Sweden needs “respite” from the tens of thousands of refugees knocking at its door, the government has said, announcing tough measures to deter asylum seekers in a sharp reversal of its open-door policy towards people fleeing war and persecution.
The country’s generous asylum regime would revert to the “EU minimum”, Sweden’s prime minister, Stefan Löfven, said on Tuesday, revealing that most refugees would receive only temporary residence permits from April.
Identity checks would be imposed on all modes of transport, and the right to bring families to Sweden would be severely restricted, he said.
“We are adapting Swedish legislation temporarily so that more people choose to seek asylum in other countries ... We need respite,” Löfven said, criticising the EU for failing to agree to spread refugees more evenly around the bloc.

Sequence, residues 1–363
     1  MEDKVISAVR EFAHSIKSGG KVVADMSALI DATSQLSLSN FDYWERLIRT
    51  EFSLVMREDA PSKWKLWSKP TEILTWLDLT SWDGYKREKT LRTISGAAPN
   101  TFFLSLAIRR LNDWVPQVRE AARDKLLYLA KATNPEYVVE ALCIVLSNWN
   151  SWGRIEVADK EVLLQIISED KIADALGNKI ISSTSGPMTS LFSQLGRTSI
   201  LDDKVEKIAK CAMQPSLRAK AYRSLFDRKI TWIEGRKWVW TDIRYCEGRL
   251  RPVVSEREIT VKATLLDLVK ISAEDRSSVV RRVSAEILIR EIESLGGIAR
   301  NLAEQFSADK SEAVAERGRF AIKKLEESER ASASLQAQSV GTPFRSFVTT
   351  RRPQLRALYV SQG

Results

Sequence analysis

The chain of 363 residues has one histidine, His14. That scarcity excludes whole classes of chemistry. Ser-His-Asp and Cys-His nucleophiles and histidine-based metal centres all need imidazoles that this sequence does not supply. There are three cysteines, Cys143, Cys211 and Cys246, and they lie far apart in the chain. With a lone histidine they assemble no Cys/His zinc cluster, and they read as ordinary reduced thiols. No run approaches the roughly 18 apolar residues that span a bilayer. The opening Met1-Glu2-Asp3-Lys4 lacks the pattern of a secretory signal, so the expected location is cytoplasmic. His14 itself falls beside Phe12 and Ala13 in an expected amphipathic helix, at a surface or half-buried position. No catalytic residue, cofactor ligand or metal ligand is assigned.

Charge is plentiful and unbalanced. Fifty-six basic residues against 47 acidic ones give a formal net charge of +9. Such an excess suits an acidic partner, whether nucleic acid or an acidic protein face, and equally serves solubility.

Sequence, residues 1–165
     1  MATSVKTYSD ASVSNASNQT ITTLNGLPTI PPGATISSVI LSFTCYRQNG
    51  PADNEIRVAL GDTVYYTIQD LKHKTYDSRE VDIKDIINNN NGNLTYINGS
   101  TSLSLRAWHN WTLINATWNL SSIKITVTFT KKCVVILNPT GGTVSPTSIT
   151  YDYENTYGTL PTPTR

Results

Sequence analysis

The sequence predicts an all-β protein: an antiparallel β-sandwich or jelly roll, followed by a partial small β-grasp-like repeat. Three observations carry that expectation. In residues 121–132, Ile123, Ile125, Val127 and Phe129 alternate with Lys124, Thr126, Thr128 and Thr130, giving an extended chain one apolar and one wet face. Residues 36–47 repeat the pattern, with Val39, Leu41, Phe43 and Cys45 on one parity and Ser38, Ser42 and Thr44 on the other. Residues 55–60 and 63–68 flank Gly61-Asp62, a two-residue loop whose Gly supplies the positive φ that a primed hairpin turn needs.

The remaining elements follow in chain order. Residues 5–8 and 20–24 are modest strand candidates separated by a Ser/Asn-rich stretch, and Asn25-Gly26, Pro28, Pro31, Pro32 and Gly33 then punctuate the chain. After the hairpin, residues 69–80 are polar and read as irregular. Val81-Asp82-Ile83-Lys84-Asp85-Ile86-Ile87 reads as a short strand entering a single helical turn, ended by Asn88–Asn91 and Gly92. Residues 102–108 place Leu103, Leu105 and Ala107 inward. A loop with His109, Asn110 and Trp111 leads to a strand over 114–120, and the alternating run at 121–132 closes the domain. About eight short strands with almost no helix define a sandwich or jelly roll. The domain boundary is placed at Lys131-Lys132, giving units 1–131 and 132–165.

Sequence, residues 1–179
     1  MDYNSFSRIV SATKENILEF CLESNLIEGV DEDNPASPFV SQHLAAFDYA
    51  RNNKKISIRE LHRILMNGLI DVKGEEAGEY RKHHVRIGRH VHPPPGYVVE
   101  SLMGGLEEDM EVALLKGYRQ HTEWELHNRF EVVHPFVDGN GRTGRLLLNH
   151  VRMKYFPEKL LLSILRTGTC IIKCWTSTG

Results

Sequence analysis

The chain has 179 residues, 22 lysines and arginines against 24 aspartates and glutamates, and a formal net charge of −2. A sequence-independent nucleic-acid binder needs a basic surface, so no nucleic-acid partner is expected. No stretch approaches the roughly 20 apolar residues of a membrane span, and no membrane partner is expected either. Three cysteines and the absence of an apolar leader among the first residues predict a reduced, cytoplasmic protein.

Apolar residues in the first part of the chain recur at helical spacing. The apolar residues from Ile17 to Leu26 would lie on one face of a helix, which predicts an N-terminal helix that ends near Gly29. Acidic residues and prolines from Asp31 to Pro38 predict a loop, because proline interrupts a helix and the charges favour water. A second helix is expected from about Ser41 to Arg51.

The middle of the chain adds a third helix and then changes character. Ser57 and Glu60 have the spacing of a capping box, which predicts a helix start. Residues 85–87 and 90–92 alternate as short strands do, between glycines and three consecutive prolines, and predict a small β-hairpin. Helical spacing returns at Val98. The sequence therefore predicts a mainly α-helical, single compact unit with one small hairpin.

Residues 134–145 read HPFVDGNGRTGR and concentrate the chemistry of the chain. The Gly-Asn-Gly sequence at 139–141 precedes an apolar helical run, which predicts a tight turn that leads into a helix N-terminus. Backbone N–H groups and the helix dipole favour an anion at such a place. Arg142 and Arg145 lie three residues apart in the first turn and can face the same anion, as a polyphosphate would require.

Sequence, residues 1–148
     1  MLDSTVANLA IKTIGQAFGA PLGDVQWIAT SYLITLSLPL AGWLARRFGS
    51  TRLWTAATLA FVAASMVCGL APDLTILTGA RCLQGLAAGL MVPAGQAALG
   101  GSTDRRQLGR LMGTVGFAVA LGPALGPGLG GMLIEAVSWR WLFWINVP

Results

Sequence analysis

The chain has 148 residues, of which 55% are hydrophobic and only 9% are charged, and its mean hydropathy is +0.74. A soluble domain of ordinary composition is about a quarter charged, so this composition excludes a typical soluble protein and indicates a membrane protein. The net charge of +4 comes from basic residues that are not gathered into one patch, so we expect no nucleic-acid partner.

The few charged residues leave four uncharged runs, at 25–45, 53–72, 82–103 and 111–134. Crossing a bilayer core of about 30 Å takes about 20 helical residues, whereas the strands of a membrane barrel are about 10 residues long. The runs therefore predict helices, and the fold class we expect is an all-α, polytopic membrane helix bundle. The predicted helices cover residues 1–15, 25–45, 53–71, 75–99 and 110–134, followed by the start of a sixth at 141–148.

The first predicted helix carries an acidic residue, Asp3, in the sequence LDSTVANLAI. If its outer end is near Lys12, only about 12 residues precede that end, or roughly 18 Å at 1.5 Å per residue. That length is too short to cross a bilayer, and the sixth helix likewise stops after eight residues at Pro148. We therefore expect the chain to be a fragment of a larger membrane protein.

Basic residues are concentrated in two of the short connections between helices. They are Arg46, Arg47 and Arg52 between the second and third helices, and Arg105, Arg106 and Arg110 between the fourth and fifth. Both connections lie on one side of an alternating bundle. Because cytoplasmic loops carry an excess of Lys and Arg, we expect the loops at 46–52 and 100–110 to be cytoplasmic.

“It pains me that Sweden is no longer capable of receiving asylum seekers at the high level we do today. We simply cannot do any more.”
The reversal in refugee policy, which follows the imposition of border controls two weeks ago, marks a policy choice the ruling red-green coalition would have considered unthinkable until asylum seekers began arriving this autumn at a rate of 10,000 a week.
Official estimates suggest up to 190,000 could come to the country of 10 million people this year.Source